Mercedes Delgado, Christian Ketels, Michael Porter, Scott Stern, Thursday, September 18, 2014 - 00:00
André Carlos Martínez, Aldo Musacchio, Martina Viarengo , Wednesday, July 9, 2014 - 00:00
Institutions are known to play a powerful and enduring role in countries’ divergent levels of economic development. This column presents evidence that institutions matter for within-country inequality, too. In Brazil, changes in export prices and export tax revenues led to an increase in education spending in states that experienced commodity booms, which increased the number of schools and improved educational outcomes such as literacy rates. However, the effect was limited in states where slavery was predominant in colonial times.
Denis Cogneau, Alexander Moradi , Saturday, May 17, 2014 - 00:00
The quasi-experiment of arbitrary border design allows for causal interpretation of institutional effects across territories. This column presents evidence on the impact of British and French colonial education policies in West Africa. British flexibility and French centralisation resulted in educational attainment differences that persist – across one border – even among some cohorts of the current workforce.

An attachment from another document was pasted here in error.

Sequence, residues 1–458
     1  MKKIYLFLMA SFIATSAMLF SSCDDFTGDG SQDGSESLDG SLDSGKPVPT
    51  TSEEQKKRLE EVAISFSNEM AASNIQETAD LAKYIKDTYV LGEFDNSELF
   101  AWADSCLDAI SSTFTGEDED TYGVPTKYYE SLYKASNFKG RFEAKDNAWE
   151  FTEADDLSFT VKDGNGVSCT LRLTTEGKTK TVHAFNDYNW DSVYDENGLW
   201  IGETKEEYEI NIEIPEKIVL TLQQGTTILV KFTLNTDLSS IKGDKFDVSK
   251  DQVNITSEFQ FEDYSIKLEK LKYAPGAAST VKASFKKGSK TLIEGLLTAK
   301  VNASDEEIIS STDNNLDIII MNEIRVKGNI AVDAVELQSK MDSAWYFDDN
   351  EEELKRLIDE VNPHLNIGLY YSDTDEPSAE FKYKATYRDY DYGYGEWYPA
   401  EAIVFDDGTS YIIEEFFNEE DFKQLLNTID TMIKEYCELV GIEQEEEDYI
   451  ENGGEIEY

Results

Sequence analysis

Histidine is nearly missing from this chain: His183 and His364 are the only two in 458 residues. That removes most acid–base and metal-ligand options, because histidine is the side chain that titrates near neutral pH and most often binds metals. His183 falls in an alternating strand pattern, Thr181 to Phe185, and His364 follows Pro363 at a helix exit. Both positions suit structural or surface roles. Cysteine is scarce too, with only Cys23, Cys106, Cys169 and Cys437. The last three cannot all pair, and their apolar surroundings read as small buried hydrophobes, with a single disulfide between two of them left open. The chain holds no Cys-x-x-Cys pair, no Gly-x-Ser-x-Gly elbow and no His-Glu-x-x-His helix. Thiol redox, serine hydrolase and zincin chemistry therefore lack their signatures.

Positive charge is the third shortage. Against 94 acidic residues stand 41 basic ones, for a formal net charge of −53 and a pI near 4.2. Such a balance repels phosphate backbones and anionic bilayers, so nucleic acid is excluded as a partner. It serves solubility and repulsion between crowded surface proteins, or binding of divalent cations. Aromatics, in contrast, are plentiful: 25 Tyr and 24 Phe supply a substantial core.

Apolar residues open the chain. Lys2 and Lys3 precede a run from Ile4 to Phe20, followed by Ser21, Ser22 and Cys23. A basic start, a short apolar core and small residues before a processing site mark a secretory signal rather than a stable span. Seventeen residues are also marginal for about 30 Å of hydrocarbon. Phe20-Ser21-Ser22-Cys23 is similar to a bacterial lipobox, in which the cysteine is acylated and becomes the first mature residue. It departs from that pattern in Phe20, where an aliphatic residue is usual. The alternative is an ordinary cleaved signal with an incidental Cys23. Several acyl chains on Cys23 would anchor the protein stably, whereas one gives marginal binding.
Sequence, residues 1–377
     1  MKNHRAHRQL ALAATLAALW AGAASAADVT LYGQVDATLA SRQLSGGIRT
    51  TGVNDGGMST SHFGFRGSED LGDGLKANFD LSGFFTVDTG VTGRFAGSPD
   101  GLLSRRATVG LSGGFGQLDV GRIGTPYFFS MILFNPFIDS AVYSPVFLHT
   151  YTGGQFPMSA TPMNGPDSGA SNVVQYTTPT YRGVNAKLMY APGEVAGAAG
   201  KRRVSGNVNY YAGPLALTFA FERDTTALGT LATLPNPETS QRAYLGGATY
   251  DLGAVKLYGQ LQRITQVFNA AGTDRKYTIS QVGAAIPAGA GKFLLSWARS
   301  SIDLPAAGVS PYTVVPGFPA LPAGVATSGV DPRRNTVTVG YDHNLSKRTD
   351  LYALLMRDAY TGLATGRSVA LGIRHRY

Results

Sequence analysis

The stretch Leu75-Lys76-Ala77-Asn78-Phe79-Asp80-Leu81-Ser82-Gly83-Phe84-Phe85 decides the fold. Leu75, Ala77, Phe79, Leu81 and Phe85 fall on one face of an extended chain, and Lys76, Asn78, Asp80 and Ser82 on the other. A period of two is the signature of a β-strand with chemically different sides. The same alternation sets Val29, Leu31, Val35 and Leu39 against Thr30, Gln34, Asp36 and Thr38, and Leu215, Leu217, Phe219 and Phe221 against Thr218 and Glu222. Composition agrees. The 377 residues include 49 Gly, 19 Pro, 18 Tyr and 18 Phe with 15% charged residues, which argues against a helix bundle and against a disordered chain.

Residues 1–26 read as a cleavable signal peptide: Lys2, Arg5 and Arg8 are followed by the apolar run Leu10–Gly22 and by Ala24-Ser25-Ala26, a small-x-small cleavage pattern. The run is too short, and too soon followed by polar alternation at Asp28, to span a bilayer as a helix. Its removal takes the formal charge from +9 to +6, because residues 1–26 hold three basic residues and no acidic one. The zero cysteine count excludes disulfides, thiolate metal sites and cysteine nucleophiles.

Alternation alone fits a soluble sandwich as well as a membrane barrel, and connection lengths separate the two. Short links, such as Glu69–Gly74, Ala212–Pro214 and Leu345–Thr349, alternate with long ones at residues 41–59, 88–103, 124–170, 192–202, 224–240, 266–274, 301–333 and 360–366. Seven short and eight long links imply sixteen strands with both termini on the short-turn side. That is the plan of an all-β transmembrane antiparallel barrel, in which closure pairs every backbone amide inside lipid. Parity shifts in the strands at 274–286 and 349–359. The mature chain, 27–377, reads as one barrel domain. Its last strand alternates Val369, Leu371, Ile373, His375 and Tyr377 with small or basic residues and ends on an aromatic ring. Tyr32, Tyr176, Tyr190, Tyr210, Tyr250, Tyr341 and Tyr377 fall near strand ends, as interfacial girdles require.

Leander Heldring, James A Robinson, Thursday, January 10, 2013 - 00:00
Most of Africa spent two generations under colonial rule. This column argues that, contrary to some recent commentaries highlighting the benefits of colonialism, it is this intense experience that has significantly retarded economic development across the continent. Relative to any plausible counterfactual, Africa is poorer today than it would have been had colonialism not occurred.
Wolfgang Keller, Ben Li, Carol H Shiue, Sunday, December 19, 2010 - 00:00
The growing power of Chinese trade is almost daily news. This column argues that China’s role in world trade today is shaped in part by the post-1978 market reforms and in part by the Western invasion in the 19th century. Following the Opium Wars, China was forced to open its borders, providing the bedrock of technology and infrastructure that supported its future growth.
Santiago Sanchez-Pages, Friday, September 24, 2010 - 00:00
Are conflicts worth it? This column argues that they can be. While wars are extremely damaging, they can be in the interests of one party if they help reveal the true balance of power and thereby change the stakes in eventual negotiations. This explains why small countries take on superpowers with no chance of winning and why unions go on strike against laws already passed.